I use Black Kow composted cow manure to improve garden soil organically. Our shrubs and flowers are healthy and beautiful. Here is why it works for me.
First off, this article is not sponsored in any way by Black Kow. I’m sharing my experience using their cow manure compost because our garden soil has greatly improved. Since this works for me, I hope it can work for you — and your gardens!
Table of Contents
- What does composted cow manure “do” to my garden soil?
- Can I use composted cow manure if my soil is sandy?
- Can I use composted cow manure if my soil is clay?
- Can I use fresh cow manure from a local farm?
- Black Kow composted cow manure
- Not all bagged manures are created equal
- Helpful garden tools for this project
- Not all landscapers are created equal
- Why we needed a manure and mulch weekend
- Step by step how to improve garden soil organically
- Before and after photos
- Easy maintenance step for soil improvement every year
FTC Disclaimer: Some of the links in this post are affiliate links. I explain more here.
What does composted cow manure “do” to my garden soil?
Composted cow manure contains microbes which are like teeny tiny garden soldiers. These beneficial bacteria help provide nutrients to plants and also fight bad organisms — like microscopic worms — that damage plant roots and more.
Because this cow manure has already been composted, you have all of the good stuff ready to go, without any worries you will harm your new or existing plants.
Also — composted cow manure is 100% organic, so the nutrients in this are released slowly, adding tons of organic matter to your soil. This is much better for your garden long-term, versus using a chemical fertilizer for quicker instant results.
Can I use composted cow manure if my soil is sandy?
Yes. Sandy soils usually have trouble retaining moisture where it’s needed — by the roots of your plants, trees, shrubs and flowers. Adding composted cow manure to sandy soil will help keep the moisture where you need it. Plus, by helping your sandy soil hold onto moisture, the composted cow manure also helps keep nutrients near the roots too.
Helpful tip: The healthier your soil, the less you need to water.
Can I use composted cow manure if my soil is clay?
Yes indeed, and that’s the kind of soil that I have in our garden beds. I hate clay soil. It is hard and packed and doesn’t let anything drain easily. The best way to improve clay soil is by adding organic matter that will help break the soil down so you don’t have a swampy mess. The manure helps to improve aeration, so that the water has somewhere to go and doesn’t just sit there.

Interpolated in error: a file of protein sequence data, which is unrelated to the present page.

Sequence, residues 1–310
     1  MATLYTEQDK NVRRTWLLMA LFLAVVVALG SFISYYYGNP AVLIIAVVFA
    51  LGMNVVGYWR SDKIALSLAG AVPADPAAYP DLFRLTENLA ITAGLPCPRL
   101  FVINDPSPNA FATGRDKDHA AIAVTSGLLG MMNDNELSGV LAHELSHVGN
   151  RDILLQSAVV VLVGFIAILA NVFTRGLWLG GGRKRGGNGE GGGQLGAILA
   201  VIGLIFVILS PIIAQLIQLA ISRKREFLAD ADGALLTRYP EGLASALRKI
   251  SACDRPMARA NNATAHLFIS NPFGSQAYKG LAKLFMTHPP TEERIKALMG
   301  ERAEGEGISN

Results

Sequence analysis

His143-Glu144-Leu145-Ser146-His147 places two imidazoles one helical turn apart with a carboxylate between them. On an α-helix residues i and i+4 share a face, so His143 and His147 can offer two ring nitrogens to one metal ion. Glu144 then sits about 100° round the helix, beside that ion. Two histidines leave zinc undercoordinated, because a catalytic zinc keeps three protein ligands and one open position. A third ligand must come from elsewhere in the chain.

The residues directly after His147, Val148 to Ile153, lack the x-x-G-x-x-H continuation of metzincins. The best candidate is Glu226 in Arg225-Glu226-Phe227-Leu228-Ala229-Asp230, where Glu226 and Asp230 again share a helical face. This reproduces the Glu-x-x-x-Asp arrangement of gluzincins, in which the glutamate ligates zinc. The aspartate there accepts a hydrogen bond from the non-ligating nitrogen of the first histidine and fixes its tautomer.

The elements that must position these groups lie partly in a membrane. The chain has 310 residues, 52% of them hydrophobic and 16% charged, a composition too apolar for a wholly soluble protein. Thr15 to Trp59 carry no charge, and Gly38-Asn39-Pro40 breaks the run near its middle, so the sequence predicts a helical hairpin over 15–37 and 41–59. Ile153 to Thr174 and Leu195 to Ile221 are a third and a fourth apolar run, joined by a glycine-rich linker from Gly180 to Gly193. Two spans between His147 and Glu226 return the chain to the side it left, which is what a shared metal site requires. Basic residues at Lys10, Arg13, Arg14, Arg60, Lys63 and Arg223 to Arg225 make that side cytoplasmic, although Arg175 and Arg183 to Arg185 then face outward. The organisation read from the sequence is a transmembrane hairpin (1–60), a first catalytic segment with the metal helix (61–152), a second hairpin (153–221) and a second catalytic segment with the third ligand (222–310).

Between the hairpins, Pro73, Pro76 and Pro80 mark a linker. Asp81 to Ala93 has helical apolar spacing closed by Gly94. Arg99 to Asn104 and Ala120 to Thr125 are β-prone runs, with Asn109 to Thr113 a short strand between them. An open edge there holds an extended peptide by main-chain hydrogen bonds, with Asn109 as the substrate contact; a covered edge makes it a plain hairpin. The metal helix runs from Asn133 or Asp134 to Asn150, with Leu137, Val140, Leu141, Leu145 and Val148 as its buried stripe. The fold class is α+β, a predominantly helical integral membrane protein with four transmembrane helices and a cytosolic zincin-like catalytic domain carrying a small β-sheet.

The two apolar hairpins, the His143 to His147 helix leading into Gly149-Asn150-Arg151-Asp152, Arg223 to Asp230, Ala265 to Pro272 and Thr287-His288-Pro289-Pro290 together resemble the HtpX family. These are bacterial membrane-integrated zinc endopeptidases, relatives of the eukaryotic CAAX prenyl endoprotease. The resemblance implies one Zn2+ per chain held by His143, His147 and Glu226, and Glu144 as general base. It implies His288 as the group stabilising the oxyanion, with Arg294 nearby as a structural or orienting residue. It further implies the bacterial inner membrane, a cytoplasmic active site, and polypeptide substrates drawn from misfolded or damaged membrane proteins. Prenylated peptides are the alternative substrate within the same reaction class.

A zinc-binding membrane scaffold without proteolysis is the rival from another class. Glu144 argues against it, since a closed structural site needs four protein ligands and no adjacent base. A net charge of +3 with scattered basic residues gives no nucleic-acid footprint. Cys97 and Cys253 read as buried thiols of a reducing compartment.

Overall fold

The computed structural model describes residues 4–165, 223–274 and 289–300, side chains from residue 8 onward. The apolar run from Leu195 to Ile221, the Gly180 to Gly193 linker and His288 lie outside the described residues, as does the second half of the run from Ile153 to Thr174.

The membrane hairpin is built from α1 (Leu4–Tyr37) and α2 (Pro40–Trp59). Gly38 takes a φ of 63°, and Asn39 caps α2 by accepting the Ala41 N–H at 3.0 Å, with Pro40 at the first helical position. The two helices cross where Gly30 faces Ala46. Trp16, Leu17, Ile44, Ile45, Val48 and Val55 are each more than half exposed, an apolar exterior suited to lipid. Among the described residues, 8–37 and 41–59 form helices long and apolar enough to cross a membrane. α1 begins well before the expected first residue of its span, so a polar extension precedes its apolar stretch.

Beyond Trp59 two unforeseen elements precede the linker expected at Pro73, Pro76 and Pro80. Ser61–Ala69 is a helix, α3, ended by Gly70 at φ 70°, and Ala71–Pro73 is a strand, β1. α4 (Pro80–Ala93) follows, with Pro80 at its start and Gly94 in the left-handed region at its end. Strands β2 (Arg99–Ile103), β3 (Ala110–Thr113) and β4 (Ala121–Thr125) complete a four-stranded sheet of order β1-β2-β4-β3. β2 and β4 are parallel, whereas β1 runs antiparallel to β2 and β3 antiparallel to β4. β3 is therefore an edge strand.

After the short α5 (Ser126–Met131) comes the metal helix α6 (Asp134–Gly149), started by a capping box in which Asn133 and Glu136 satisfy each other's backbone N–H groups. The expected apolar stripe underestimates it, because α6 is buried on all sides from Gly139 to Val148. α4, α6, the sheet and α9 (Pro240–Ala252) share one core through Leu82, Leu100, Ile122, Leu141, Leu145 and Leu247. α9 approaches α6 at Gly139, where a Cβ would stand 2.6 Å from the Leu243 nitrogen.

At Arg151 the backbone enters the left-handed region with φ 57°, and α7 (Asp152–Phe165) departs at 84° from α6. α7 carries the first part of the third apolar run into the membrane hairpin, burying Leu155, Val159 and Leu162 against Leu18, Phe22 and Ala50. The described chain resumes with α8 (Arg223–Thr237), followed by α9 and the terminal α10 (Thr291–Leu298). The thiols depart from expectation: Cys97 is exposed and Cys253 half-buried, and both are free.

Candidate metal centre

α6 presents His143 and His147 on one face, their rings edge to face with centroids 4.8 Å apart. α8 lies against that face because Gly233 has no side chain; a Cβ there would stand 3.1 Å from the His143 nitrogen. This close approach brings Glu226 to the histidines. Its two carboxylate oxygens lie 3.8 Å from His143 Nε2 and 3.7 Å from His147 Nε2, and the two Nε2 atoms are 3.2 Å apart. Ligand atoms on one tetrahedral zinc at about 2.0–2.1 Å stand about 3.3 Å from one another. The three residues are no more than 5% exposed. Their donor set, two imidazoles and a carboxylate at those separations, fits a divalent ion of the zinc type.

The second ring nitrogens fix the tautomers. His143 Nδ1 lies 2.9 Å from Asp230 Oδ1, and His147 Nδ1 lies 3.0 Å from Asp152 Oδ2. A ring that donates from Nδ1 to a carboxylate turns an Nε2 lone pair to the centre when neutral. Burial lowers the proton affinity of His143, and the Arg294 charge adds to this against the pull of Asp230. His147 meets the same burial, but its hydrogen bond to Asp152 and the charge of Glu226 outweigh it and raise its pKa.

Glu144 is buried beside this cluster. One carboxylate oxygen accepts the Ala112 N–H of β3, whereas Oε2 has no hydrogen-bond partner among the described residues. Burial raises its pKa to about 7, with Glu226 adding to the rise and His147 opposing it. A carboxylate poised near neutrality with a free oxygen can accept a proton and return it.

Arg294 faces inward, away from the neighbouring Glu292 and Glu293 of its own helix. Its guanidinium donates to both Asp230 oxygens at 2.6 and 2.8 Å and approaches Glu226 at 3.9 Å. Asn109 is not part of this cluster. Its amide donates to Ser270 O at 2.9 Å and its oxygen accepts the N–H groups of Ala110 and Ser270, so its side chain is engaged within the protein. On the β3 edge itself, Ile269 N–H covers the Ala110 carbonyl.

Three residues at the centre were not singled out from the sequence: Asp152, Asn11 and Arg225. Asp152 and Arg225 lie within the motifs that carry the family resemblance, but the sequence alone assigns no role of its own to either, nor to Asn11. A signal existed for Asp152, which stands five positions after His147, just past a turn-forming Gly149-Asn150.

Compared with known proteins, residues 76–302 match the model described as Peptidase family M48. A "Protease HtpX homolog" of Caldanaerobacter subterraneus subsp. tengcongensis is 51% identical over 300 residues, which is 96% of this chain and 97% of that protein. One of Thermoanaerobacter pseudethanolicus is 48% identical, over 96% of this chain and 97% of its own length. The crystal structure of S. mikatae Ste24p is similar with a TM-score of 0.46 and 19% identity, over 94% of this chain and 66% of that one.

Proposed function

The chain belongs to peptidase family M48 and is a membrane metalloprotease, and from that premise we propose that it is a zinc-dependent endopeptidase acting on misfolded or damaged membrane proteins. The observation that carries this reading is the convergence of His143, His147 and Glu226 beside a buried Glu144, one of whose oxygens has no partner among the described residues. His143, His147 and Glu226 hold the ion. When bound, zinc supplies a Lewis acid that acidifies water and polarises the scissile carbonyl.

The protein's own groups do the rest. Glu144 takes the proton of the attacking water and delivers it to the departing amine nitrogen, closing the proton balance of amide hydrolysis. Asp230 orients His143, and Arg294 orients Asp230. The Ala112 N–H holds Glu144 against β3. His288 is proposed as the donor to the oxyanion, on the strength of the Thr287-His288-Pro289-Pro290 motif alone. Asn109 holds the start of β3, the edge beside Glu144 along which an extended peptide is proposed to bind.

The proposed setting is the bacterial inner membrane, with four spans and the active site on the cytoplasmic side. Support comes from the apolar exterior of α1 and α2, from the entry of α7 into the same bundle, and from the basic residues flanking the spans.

Using composted cow manure will help to do this, which will greatly improve your clay soil. And just like what it can do for sandy soils, the composted manure will help provide nutrients near your plant roots.
Can I use fresh cow manure from a local farm?
This is a bad idea for several reasons. First, adding fresh manure that hasn’t had a chance to be composted at all will most likely burn the roots of your garden plants from the ammonia contained in the manure. (That ammonia can also cause some plants to have bizarre growing habits that definitely aren’t normal.) Secondly, fresh cow manure often contains grass and/or weed seeds, which you definitely don’t want in your garden bed.
Fresh manure might also contain E. Coli or other dangerous bacteria, and it’s possible that fresh cow manure also contains herbicides that can harm your plants as well. I’ve read a few horror stories of this happening to gardeners.
If you’re willing to use fresh cow manure, you will need to compost it for at least a year, which takes time and effort to do it properly. (And that is a process I’m not going to cover here because… well… I’m not into unnecessary garden work.)
Black Kow composted cow manure
I use Black Kow composted cow manure in my garden beds because it has already been broken down and mixed with compost. All you have to do is mix it into your soil.
There is a bit of shoveling and mixing involved, but overall this is an easy way to improve your garden soil and make your plants, trees, shrubs and flowers happy!
Bagged Black Kow manure is available at most major garden centers and home improvement stores. (I see it’s also sold on Amazon here — BUT — it is way overpriced compared to what you will pay at a home improvement store like Home Depot or Lowe’s.)
Purchasing bagged cow manure compost is going to cost more than if you bought fresh manure directly from a farmer — but — as I mentioned earlier, this bagged manure is already mixed with compost and broken down enough to be added into your garden immediately.
Not all bagged manures are created equal
When I’m out shopping, I like to take pictures with my iPhone of bags of soil, bags of manure, garden pest sprays, etc., so that I can easily look them up on the internet when I get home, find their company website and see what they’re about.